The same elements of design still exist, it's just that the technology of today enhanced the scale of magnitude on the WOW Meter. Today's model is fancier, more complex, colorful, interactive, etc., but is it more structurally sound? I don't think so.
In fact, one could argue, it may be weaker and more fragile due to the surface intricacies and delicate garnishments. At its core, though, they are fundamentally the same creations. They are built and designed on the same platform and deploy the same fundamental technology. Just look at the technical similarities:
- The oval radar dish is the same
- Hinged doors and levers still function the same way
- The premise behind the axles and rubber tires is the same
- The figures are nearly exactly the same, including the instruments they carry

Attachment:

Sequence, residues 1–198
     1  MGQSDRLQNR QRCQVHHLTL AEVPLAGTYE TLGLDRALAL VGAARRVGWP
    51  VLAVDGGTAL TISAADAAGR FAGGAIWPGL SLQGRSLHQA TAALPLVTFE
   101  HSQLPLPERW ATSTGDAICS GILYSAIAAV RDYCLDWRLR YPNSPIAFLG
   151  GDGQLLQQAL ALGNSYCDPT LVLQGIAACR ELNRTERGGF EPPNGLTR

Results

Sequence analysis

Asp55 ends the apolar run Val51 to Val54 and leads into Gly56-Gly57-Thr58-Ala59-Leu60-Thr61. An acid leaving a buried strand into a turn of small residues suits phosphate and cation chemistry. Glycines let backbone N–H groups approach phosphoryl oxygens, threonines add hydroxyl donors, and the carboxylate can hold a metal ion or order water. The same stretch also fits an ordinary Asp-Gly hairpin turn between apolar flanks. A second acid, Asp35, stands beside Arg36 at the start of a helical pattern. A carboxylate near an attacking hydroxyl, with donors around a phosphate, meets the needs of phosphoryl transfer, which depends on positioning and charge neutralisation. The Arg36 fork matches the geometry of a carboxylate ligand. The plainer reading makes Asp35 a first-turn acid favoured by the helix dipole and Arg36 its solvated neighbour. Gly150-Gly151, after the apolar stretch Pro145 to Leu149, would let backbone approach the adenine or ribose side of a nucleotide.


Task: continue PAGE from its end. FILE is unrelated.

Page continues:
- Etc., etc., etc.
Similarly, in painting, you must have the core design working to fully support the things that are first noticed. Like with LEGOs, the fundamentals of a good painting have not changed in decades, or even centuries for the more seasoned medium.
The point is that there are vast similarities between art and LEGOs and I find it interesting to think about both. Aside from the pure nostalgia of joining in a random LEGO building session with my kids and wife (yes, we sometimes do this), I found it interesting to look at the process they both offer and make sense of my desire to learn, grow, and advance as an artist. The basics have been with me for decades!
So, the photo of the LEGO artist featured at the top of this post is taken from the top of my dresser. My kids gave me that LEGO figure a few years back as they already recognized what I am trying to write about today: there are ample links to our past, present, and future around us all the time. Sometime, we just have to act like kids to tap into what brings us joy and excitement!